Punctum in MoMa New York

Musea bezoeken is niet altijd even eenvoudig. Sterker nog, het is een kunst op zich. Hoe ga je om met al die kunst om je heen, de naambordjes, de stroom van informatie, de vele mensen om je heen die van zaal naar zaal slenteren? Hoe kies je wat je wilt zien, wat is je doel?

Musea bezoeken is niet altijd even eenvoudig. Sterker nog, het is een kunst op zich. Hoe ga je om met al die kunst om je heen, de naambordjes, de stroom van informatie, de vele mensen om je heen die van zaal naar zaal slenteren? Hoe kies je wat je wilt zien, wat is je doel?
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Alternative Opening Speech – Exposition Venus 1658 @VanAbbemuseum

Yesterday I attended the opening of an exposition in a museum in Eindhoven, the Netherlands: people, speeches, and ‘art’. As speeches can be the most difficult things to endure, especially when they seem to promote or discuss something irrelevant, here is my alternative opening speech.

Venus Expositie Van Abbemuseum 2014

Dear friends, family, photographers, teachers, and everyone else,
Welcome to Venus 1658, presenting six young graduated photographers in the Van Abbemuseum. A museum that is dear to me for various reasons – perhaps due to their semi-permanent collection of Lissitzky, the intriguing architecture of the building that keeps surprising me after all these years, or the manner in which they continue to place themselves into the heart of public life. And now, they are hosting the work of six newly graduated photographers who finished an intensive program at the Fotoacademie.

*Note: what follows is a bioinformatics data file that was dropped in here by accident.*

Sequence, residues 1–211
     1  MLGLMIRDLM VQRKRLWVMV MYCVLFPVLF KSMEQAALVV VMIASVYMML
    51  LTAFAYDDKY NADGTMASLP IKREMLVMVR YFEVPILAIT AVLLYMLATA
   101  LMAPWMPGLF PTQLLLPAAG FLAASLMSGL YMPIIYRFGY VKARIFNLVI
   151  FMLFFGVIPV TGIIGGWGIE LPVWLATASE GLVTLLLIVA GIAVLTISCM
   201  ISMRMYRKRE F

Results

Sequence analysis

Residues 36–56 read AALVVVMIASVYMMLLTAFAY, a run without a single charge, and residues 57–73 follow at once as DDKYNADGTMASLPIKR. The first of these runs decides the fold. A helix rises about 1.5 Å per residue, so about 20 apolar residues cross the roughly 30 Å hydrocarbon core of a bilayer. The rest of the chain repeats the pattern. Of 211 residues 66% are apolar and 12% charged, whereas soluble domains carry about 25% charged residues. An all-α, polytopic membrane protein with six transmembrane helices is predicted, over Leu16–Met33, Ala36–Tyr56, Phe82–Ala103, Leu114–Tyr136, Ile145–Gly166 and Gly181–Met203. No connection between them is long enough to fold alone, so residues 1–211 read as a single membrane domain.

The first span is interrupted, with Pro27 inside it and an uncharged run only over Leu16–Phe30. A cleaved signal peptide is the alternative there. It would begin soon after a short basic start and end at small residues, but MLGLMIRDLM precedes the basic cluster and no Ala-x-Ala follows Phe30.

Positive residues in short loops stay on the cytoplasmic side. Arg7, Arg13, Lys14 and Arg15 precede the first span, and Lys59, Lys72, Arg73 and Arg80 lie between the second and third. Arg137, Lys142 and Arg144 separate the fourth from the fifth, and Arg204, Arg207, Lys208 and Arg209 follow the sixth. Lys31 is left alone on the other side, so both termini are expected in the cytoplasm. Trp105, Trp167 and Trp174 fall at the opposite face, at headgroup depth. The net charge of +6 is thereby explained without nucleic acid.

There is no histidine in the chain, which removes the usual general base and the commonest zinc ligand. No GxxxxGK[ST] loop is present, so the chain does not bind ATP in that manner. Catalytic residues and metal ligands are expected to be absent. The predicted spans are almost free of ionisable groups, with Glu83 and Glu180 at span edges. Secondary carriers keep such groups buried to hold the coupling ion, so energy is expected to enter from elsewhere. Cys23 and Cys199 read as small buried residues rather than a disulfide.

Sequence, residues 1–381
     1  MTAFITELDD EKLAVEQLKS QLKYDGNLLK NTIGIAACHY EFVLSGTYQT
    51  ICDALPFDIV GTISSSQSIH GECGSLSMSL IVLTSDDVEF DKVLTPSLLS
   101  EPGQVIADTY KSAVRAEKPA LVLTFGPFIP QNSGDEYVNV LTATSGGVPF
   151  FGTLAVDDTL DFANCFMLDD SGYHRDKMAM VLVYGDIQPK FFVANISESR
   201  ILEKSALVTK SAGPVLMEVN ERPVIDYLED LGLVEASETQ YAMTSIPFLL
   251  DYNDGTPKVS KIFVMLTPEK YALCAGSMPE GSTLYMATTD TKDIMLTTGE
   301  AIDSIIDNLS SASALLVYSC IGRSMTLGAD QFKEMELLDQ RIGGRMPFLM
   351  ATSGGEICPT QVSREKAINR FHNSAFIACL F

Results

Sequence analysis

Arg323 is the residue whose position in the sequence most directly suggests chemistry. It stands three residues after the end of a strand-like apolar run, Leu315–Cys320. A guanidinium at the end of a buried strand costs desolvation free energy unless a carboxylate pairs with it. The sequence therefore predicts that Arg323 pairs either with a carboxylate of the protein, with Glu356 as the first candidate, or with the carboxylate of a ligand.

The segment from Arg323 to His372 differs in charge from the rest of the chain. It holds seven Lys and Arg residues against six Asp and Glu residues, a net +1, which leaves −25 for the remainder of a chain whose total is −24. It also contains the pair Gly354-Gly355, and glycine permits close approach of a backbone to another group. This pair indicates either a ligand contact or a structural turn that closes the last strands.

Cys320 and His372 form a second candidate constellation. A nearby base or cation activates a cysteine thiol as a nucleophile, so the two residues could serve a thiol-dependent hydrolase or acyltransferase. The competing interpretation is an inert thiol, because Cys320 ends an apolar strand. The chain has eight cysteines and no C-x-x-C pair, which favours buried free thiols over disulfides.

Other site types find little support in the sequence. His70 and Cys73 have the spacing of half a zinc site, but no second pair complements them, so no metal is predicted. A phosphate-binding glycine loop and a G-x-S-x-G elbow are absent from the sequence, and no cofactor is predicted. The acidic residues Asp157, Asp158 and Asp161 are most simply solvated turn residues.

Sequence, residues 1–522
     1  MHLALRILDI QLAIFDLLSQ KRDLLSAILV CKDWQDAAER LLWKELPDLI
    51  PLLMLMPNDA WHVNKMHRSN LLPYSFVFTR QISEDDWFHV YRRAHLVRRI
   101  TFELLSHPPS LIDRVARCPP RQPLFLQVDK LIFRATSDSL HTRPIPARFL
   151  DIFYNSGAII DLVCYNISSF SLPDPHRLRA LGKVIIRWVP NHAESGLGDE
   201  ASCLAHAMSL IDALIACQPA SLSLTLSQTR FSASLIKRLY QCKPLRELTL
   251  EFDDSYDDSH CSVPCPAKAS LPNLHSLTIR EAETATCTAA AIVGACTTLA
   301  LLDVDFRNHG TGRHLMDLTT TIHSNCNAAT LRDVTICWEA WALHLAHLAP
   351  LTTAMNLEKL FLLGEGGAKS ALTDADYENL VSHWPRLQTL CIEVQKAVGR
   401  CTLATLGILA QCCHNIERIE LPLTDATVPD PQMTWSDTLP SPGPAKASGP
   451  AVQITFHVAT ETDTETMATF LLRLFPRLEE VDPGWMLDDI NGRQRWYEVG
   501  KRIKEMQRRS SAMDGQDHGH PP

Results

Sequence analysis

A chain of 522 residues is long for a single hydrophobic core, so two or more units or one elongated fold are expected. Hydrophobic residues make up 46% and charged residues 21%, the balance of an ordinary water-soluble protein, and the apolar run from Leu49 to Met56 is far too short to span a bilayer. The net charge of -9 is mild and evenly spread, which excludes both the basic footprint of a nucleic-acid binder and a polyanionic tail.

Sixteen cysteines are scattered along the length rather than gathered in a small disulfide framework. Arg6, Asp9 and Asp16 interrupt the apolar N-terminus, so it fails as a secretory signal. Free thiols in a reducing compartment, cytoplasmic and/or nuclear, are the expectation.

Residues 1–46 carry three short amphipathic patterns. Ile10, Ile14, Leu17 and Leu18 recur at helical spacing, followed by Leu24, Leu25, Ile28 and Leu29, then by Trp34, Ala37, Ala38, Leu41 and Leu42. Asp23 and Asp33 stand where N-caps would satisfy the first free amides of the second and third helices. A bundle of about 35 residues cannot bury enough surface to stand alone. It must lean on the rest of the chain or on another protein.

Presenting one’s work in a museum takes courage. All of a sudden one’s work is exposed to the public. The safety of the academy, one’s peers and the protection of calling oneself a student is left behind. There is only this: grey walls and strangers walking along, instantly judging what they see, what they experience. Perhaps they will laugh, perhaps they will feel moved. Perhaps they won’t even see your work, temporarily distracted by something else, a phone call. But, perhaps, they will spend an hour or more perusing every inch, every second of what can be seen here. Who knows?
Exposing one’s work takes extra courage when the work is the outcome of years of study. To explain that, allow me to say a few words on the difference between studium and punctum as was developed by Roland Barthes, a French philosopher, who saw the rise of photography and was concerned of what it would do to our understanding of art. Nowadays photographers are faced with the huge amount of people taking photographs continuously and sharing them instantly – how can they distinguish themselves from merely taking a shot? Barthes was concerned about another issue, an issue which is still relevant, even more relevant today for photographers. How and when is the photograph more than a technical reproduction of reality? Can a photograph be considered art?
It is not my place to judge the work that is exposed here in the Van Abbemuseum as to whether it can be considered art or not. It is everyone’s duty to consider this for herself. Yet I can share Barthes’ insights, which might give a language to an intuition that every human being has when confronted with a piece of art. And this concerns the difference between ‘studium’ and ‘punctum’, two aspects of experiencing a photograph.
Studium doesn’t refer just to ‘study’, it refers to a kind of fascination that is based on habit, on customs regarding what is deemed beautiful. It is a kind of beauty that can be calculated, thought about. And many photographs have this quality of studium. The subjects are posed in a certain manner which is aesthetically valuable and confers a harmony. Although Barthes does acknowledge this kind of photograph is valuable, I would call this type ‘boring’. It does not catch one’s attention longer than a few seconds. As Barthes says: “Many photographs are, alas, inert under my gaze. But even among those which have some existence in my eyes, most provoke only a general and, so to speak, polite interest: they have no punctum in them: they please or displease me without pricking me: they are invested with no more than studium.” (Camera Lucida, 27)